Keeping Kansas college grads working in Kansas

WICHITA, Kan. (KSNW) — The Kansas Board of Regents is trying to tackle a problem that has plagued Kansas for years: How do we get Kansas college graduates to take jobs here and stay here. Over the past five years, they have tracked the graduates from every college in the state, through their 10 year strategic plan, Foresight 2020. Now, the state is looking to Wichita for a possible solution to fight the brain drain.

“Looking at that data over the last 5 years, we have seen a decrease in the percent of students who are employed over time across all of the award levels,” said Breeze Richardson with the Kansas Board of Regents. “There’s actually a decline over time across every award type, so we’re not seeing a sustaining level of employment following that first year out of graduation.”

Click image to view the Foresight 2020 annual report.
Click image to view the Foresight 2020 annual report.

The news looks at every university across the state. For example, of the 2008 class from Wichita State University, 70% were employed in the state in 2009, but those numbers dropped every year, landing at 57% last year. Officials with Academic Affairs at WSU say it’s a complicated problem. “The fact that they stay here and then after five years they migrate away, means that we’re probably not addressing what they’re looking for,” said Tony Vizzini with the university. “Not in terms of what they’re looking for in working environment, but maybe in living environment.”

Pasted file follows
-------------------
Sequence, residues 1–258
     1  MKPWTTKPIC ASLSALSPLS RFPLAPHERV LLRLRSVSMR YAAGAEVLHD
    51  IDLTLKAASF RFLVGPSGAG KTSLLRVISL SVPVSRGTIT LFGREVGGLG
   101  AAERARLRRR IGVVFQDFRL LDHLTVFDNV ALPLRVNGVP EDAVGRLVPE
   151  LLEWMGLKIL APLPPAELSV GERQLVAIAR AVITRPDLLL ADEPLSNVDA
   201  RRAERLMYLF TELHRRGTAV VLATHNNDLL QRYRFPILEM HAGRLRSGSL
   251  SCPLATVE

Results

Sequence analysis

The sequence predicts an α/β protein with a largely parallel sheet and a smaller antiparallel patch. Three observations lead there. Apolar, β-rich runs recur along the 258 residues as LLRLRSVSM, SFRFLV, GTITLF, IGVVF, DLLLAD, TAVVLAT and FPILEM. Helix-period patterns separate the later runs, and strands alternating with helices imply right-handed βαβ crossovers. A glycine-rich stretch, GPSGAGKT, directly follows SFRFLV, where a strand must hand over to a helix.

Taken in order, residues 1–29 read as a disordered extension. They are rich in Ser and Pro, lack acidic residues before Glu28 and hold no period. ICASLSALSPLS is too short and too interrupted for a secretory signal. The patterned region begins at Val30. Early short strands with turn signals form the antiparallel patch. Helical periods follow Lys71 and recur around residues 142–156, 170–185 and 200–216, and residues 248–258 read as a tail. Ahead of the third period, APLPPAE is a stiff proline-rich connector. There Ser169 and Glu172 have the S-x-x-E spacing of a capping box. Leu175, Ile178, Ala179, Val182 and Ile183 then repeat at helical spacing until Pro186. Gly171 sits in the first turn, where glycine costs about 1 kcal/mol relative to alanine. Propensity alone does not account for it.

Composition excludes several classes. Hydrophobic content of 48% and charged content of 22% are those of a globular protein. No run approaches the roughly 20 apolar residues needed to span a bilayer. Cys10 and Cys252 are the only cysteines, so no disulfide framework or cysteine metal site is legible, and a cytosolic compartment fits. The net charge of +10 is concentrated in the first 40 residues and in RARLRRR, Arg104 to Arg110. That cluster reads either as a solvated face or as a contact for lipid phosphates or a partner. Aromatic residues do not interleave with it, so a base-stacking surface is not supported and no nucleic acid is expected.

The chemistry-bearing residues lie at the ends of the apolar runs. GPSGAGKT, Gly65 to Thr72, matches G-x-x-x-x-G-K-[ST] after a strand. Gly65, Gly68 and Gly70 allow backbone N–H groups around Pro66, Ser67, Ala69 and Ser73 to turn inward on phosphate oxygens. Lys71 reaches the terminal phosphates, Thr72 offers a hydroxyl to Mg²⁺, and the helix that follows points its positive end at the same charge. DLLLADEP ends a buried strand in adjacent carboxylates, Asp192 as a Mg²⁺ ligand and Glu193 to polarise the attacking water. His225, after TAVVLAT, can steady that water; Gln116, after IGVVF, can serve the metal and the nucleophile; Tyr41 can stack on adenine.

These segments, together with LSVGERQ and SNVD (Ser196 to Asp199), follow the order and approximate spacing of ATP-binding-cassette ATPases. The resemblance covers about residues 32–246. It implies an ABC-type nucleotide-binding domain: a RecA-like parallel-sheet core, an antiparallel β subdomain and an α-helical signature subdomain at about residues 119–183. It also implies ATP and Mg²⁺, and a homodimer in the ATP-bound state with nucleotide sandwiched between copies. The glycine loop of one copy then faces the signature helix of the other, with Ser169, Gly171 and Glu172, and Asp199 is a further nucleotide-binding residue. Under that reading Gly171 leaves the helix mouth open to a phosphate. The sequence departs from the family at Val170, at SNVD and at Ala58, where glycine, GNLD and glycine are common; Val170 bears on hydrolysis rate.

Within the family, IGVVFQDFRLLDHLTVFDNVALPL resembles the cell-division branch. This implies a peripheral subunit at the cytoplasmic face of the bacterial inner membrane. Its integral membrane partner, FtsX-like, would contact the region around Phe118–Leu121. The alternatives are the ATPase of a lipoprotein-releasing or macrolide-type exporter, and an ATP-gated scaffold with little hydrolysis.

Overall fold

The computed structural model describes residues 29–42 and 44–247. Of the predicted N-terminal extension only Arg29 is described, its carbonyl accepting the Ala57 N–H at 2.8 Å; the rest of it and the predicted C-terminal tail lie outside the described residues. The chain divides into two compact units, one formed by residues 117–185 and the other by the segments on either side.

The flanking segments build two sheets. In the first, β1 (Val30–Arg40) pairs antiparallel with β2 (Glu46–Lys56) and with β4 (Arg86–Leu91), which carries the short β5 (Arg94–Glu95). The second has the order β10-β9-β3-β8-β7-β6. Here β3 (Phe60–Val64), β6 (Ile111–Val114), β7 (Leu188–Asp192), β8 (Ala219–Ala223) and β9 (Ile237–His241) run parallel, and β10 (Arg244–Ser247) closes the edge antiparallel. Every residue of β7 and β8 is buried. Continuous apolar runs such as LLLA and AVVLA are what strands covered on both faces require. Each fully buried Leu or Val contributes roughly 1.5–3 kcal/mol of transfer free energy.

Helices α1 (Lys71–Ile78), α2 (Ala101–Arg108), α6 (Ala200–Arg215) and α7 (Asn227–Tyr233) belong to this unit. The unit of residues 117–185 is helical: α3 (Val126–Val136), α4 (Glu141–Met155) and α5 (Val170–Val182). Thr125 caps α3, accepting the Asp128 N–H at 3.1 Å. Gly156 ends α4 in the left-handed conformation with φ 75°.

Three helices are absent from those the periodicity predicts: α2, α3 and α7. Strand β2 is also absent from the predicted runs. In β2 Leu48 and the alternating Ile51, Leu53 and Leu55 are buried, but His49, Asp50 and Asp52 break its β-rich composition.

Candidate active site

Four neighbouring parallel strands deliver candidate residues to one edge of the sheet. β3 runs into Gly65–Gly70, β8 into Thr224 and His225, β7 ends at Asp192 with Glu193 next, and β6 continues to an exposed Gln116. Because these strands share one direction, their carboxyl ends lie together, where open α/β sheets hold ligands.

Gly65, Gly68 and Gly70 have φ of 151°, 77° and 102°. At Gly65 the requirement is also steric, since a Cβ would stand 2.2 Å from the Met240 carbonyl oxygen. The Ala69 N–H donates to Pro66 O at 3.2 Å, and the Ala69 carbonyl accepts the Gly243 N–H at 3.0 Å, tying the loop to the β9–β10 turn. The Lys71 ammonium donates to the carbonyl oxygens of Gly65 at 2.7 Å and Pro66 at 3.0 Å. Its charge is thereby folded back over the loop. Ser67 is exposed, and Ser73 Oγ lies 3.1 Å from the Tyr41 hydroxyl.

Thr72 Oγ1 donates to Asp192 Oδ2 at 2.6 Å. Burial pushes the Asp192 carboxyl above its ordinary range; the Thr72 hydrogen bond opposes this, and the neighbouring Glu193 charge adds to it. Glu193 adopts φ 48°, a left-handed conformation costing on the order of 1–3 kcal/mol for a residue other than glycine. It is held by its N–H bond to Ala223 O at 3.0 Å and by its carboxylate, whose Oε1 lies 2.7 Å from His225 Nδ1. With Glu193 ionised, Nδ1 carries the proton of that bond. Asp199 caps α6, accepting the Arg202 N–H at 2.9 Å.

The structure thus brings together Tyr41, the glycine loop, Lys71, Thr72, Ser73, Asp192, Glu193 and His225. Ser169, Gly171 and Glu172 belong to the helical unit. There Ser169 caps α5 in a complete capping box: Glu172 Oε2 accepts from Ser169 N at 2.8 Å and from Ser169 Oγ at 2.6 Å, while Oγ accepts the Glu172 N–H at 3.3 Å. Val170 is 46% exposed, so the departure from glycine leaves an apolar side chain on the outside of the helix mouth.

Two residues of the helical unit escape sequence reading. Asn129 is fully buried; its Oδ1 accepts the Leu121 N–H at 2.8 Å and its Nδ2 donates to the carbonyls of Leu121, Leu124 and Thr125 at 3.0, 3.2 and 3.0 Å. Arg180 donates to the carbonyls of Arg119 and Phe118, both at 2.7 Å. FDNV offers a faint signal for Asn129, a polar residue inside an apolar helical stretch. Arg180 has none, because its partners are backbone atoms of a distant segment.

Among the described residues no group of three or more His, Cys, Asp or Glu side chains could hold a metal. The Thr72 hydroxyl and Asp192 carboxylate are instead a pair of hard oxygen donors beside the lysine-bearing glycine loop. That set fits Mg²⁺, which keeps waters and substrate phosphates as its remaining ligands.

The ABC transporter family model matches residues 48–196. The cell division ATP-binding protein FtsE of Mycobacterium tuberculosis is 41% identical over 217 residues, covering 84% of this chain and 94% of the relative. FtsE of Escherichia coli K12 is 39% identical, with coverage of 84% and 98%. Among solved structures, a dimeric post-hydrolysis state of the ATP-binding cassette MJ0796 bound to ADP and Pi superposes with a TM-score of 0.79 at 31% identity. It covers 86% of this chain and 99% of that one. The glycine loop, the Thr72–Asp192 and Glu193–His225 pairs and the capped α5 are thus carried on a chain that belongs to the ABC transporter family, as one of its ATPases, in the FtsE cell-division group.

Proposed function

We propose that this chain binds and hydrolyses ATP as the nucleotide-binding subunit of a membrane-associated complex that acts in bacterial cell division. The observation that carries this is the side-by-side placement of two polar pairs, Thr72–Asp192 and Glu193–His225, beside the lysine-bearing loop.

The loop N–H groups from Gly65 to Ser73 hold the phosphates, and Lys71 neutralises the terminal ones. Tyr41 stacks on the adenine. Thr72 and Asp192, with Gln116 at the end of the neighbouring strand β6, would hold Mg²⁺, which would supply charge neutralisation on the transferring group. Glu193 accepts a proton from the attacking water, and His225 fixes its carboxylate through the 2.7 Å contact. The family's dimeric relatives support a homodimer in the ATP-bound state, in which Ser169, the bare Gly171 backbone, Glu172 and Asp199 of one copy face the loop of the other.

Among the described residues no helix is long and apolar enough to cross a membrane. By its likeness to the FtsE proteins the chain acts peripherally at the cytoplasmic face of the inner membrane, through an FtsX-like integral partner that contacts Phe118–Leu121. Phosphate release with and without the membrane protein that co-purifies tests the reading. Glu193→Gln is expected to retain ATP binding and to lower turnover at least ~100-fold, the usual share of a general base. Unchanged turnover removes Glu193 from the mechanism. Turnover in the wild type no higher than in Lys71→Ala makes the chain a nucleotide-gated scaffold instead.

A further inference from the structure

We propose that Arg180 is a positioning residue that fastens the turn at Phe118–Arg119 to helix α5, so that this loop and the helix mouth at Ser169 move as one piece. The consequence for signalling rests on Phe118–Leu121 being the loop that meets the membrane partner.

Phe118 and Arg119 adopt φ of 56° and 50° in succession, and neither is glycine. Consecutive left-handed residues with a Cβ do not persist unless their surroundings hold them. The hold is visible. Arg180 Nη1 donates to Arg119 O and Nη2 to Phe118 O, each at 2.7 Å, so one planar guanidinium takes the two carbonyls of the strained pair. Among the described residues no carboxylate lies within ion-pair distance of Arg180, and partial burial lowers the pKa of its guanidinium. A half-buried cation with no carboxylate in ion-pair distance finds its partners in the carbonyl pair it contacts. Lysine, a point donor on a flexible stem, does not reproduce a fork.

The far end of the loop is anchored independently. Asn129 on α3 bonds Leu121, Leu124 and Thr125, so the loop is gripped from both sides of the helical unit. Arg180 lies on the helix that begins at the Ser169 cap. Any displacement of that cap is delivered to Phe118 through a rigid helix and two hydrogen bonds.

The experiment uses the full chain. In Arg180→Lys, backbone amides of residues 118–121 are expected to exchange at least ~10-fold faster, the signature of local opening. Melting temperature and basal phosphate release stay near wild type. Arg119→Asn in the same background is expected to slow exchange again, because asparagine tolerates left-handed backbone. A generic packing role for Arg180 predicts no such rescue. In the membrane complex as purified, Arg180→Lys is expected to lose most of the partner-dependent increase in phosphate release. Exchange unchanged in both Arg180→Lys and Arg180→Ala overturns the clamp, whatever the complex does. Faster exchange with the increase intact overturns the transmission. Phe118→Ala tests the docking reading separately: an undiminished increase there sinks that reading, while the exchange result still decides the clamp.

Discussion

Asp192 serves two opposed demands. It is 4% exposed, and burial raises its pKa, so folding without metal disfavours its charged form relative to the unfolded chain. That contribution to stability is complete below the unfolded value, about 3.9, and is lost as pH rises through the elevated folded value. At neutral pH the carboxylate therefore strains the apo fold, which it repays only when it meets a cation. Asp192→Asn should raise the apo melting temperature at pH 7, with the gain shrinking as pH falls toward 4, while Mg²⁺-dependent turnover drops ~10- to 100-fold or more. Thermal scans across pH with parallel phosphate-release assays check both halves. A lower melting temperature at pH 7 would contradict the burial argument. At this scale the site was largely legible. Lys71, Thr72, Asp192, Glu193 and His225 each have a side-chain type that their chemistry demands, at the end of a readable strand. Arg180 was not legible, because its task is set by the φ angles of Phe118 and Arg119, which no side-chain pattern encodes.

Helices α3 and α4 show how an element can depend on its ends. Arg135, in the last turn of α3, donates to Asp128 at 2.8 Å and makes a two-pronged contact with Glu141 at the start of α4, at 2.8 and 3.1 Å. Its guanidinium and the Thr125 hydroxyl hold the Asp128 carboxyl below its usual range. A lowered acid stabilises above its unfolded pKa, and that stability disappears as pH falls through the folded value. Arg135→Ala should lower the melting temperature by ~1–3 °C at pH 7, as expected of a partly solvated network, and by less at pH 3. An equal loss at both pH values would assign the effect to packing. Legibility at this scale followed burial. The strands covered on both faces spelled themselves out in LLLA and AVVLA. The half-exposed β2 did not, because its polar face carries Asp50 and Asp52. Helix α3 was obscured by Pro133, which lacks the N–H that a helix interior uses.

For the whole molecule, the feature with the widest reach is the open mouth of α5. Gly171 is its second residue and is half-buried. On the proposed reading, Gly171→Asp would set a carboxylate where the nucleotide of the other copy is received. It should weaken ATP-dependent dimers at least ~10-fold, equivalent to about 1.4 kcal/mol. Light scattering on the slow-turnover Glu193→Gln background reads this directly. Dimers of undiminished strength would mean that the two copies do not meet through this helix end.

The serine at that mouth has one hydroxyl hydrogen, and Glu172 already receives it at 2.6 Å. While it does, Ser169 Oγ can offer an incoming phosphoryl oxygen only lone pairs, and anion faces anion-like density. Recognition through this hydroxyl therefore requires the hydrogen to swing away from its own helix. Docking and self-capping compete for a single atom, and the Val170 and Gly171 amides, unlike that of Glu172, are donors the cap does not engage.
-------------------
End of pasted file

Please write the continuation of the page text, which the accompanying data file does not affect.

So the question remains: How do we retain those graduates? From the perspective of the Board of Regents, a big part of it is in partnerships with other businesses.

“A lot of that conversation right now is looking towards what internship opportunities there are with industries here in Kansas and how we might strengthen, support, and grow those types of internship programs,” said Richardson.

That’s where the view comes back to Wichita where changes—like the implementation of the Innovation Campus—can lead to stronger opportunities for recent graduates within the state. The opportunity would be unique Vizzini says, “They’re not really interns, they’re not really co-ops, they’re employees. They’re employees who also happen to be students that really do walk back and forth from class to their workplace in a matter of 5 minutes changes the framework.”

Vizzini and Richardson agree that all of this is still a work in progress to see what works best to keep students in the area. The Board of Regents will be meeting in a couple weeks to continue their discussion about the potential programs graduates that will keep them in the state.


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